Recovery of the Working Canine Heart Following Global Myocardial Ischemia
 As reported in Examples 1-2 of J. E. Foker (U.S. Pat. No. 4,605,644), dilute solutions of ribose in normal (0.9%) saline were found effective to decrease the ATP recovery time following myocardial ischemia in the canine model. For example, infusion of a normal saline solution which is 80 mM in ribose at a rate of about 1 ml/min for about 24.0 hours afforded an eight-fold decrease in the ATP recovery time. During this treatment period, about 17.0 g of ribose were introduced into the circulatory system; a total dose of about 550-700 mg ribose/kg of body weight. The appropriate dose for the optimal recovery of ATP levels and cardiac function in a given human subject can be readily established via empirical studies including known assays for ATP levels, cardiac function and the like.
 Although the studies of the examples of U.S. Pat. No. 4,605,644 were directed at enhancing the energetic recovery following ischemia of the heart with solutions containing free ribose, the present method employing the cysteine/ribose pro-drug RibCys is also expected to be applicable to any tissue or organ that has suffered hypoxia, such as an ischemic insult where antioxidant augmentation and ATP recovery would be helpful. These situations include but are not limited to: myocardial infarction, stroke, organ transplant with organ preservation, neonatal support, multi-organ system failures, shock and trauma resulting in compromised circulation, and the like. Often, even uncomplicated general anesthesia can result in some degree of hypoxia and the accompanying invasive medical procedure can lead to the build-up of free radicals in the traumatized tissue. Likewise, aerobic exercise in convalescent or healthy individuals can lead to ATP depletion and the build-up of free radicals from environmental oxidants. Therefore, the present invention provides a method whereby hypoxic tissue can be treated so as to quickly regain and maintain normal ATP levels, both to improve tissue survival and to hasten general bodily recovery.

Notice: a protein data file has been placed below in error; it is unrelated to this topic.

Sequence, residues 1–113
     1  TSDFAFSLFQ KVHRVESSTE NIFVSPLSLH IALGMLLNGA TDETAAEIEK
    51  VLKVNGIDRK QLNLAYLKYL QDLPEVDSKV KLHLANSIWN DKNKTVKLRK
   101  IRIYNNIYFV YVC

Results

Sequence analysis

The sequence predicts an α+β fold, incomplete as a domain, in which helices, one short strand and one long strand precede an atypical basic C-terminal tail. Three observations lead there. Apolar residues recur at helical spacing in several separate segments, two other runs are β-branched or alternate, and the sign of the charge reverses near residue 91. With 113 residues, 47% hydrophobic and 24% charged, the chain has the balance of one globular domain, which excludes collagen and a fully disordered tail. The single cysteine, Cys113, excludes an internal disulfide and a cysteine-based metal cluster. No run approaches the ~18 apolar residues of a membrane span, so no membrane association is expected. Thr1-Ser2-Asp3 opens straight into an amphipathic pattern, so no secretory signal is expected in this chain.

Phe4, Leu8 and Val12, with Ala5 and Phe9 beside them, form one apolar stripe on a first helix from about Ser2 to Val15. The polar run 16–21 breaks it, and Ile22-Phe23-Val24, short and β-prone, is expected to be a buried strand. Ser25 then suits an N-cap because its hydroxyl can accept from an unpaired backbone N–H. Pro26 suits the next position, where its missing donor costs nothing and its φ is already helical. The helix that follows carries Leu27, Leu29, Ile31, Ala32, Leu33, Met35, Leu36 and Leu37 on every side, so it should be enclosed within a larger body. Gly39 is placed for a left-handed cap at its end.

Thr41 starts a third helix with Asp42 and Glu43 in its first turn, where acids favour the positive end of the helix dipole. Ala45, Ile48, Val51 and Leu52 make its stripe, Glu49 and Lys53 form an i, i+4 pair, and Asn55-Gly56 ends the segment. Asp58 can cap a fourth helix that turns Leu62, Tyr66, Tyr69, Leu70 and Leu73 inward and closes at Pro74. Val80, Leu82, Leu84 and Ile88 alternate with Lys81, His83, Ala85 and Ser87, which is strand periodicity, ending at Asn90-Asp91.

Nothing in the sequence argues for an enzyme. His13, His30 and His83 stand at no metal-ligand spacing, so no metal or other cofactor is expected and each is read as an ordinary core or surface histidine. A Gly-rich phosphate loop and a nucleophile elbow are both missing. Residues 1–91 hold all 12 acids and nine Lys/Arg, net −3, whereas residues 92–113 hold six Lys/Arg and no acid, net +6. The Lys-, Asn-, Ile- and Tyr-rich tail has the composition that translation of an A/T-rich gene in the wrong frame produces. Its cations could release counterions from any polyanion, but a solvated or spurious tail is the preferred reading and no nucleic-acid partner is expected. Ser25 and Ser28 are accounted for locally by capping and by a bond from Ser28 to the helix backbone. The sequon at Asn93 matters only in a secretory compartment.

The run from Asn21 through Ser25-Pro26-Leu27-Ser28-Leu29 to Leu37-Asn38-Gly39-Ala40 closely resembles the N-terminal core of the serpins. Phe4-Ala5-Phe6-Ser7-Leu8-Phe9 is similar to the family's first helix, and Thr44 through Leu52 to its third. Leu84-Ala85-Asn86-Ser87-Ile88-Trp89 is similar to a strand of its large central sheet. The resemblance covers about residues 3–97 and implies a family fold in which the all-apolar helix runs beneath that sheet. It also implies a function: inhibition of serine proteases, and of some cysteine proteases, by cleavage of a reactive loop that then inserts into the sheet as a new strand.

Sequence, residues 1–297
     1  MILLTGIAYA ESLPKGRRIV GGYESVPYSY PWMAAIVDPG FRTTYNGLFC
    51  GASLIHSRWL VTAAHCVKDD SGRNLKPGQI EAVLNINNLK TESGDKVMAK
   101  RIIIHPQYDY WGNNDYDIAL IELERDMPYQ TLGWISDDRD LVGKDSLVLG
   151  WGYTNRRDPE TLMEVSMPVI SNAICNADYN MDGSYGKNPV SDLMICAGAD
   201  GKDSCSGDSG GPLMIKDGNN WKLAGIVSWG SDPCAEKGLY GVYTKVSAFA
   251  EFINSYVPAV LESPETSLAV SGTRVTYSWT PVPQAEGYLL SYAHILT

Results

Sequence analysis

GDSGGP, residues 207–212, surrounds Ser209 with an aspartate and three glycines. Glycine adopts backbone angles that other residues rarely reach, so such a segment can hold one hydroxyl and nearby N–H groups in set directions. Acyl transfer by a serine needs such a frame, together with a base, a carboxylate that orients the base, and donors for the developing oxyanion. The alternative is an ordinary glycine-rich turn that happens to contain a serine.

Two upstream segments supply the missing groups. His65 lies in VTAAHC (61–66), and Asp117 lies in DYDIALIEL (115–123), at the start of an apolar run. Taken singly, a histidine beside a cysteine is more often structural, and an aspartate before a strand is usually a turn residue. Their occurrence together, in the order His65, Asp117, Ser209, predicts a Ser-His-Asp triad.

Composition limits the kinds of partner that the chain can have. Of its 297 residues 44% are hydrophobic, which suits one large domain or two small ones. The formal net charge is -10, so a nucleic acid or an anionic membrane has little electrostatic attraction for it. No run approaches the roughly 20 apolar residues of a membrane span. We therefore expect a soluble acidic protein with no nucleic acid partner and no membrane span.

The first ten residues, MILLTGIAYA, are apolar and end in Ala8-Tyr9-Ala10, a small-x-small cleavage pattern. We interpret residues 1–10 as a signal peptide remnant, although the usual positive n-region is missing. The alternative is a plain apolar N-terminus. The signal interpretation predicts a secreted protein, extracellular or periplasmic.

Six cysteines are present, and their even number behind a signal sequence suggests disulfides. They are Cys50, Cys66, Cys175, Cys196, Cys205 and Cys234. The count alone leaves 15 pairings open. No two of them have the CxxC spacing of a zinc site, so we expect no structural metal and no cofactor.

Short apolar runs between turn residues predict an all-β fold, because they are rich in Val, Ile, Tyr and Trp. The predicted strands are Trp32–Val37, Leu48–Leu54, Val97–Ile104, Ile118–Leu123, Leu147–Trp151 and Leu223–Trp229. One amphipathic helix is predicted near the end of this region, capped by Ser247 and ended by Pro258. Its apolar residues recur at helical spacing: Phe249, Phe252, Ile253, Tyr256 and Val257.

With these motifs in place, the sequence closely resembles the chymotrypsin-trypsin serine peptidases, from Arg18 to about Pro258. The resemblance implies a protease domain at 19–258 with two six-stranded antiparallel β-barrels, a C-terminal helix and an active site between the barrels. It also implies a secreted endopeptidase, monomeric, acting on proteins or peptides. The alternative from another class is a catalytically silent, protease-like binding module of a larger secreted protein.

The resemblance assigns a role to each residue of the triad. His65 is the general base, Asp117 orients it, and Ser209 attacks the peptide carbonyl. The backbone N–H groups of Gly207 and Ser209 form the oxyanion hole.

All publications, patents and patent applications are incorporated herein by reference. While in the foregoing specification this invention has been described in relation to certain preferred embodiments thereof, and many details have been set forth for purposes of illustration, it will be apparent to those skilled in the art that the invention is susceptible to additional embodiments and that certain of the details described herein may be varied considerably without departing from the basic principles of the invention.
Patent applications in class Nitrogen containing hetero ring
Patent applications in all subclasses Nitrogen containing hetero ring